Lama Catherine Rathbun (Jetsun Yeshe) on Mandala Offerings

Via Toronto Body Mind (Toronto’s yoga, meditation and wellness community’s blog)…

http://torontobodymind.ca/articles/lama-catherine-rathbun-mandala-offering

About Catherine Rathbun

Catherine’s meditation training began in 1969. Since then she has studied with His Holiness XVI Karmapa, head of the Kagyu lineage of Tibetan Buddhism, and with pre-eminent individuals like Ven. Kalu Rinpoche, Ven. Karma Thinley Rinpoche, Ven. Namgyal Rinpoche and John Coleman. She received her traditional teaching name, Lama Jetsun Yeshe, from Ven. Karma Thinley Rinpoche, a lineage master of the Sakya and Kagyu traditions of Tibetan Buddhism, in 2002.

Catherine taught meditation studies at York University for seven years (1989 to 1997). With a background in dance — she was a member of the National Ballet Company of Canada from 1962 to 1963 — and a modern dance career in England (1967-69), she frequently incorporates creative movement exercises into meditation studies as a way to bypass the tight hold that the Western intellect has on one’s development.

The Buddha called meditation bhavana or “mind cultivation”. To effect this refinement of consciousness, Catherine uses a variety of techniques to help students develop their potential. Encouraged by her teachers to begin teaching meditation in 1976, she has students in Canada, the United States, New Zealand, Australia, and Europe. Her principal residence for the past 20 years has been Canada and for most of that time she has been teaching by the old method, with word of mouth the only advertisement of her work.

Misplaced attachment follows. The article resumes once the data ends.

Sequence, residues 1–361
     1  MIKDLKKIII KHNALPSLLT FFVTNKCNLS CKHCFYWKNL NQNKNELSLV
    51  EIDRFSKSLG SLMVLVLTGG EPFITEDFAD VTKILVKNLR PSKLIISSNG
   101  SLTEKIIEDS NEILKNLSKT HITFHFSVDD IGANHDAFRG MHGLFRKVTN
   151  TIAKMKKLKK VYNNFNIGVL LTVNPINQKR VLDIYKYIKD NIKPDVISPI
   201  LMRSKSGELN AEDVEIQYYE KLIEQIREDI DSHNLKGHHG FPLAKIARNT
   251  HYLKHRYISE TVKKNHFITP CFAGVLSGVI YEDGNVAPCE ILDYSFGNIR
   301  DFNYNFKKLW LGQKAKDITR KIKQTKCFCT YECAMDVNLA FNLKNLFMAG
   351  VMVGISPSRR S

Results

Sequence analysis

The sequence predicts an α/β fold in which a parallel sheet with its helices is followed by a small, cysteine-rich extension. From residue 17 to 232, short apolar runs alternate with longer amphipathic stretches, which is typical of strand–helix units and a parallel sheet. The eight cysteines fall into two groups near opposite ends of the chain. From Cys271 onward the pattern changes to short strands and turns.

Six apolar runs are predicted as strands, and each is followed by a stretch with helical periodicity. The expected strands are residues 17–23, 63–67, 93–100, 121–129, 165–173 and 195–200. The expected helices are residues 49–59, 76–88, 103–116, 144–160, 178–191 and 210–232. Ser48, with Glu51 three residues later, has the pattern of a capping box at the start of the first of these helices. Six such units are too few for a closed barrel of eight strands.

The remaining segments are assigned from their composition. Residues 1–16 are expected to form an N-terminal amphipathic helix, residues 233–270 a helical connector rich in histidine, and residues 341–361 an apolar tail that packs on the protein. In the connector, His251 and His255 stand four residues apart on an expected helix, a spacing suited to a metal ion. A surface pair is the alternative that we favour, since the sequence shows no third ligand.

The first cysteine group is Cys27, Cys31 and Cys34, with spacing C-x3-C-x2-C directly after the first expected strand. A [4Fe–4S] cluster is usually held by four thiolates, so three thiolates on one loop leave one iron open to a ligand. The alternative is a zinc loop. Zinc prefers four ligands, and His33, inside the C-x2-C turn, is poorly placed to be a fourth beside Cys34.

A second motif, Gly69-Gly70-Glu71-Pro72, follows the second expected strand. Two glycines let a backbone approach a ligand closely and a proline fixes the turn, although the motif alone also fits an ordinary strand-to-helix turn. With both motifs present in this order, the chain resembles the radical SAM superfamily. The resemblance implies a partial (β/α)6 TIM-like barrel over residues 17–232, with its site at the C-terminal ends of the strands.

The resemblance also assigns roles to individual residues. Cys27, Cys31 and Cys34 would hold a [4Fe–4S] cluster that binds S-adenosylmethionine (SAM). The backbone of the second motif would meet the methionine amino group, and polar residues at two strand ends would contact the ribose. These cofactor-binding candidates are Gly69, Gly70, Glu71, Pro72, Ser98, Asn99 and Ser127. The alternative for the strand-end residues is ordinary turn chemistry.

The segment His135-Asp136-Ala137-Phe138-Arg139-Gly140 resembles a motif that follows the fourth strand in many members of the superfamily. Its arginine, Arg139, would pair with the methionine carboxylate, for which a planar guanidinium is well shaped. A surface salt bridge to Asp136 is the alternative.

Recently, Catherine has become more public, sensing the need for a teaching that will speak to these times. She offers the Great Work of conscious unfoldment free from the weight of religious belief or guru worship. Thus she teaches from her experience as a lay meditator, as a woman and as a parent and has recently focussed on writing. She is the author of Developing the World Mind and will soon publish a new book entitled Clear Heart, Open Mind. Many people have become interested in Tibetan Buddhist meditation but are unsure how to blend their Western viewpoint with Eastern thought. Clear Heart, Open Mind speaks to the joys and challenges of this journey. The book offers clear and practical advice on how to work with the meditation practice of compassion. The author reveals how its force, once activated, can open our world to a place of joy and freedom. When we realize the deep interconnectedness of life, many of our perceived problems disappear. (source: Friends of the Heart)

Past Posts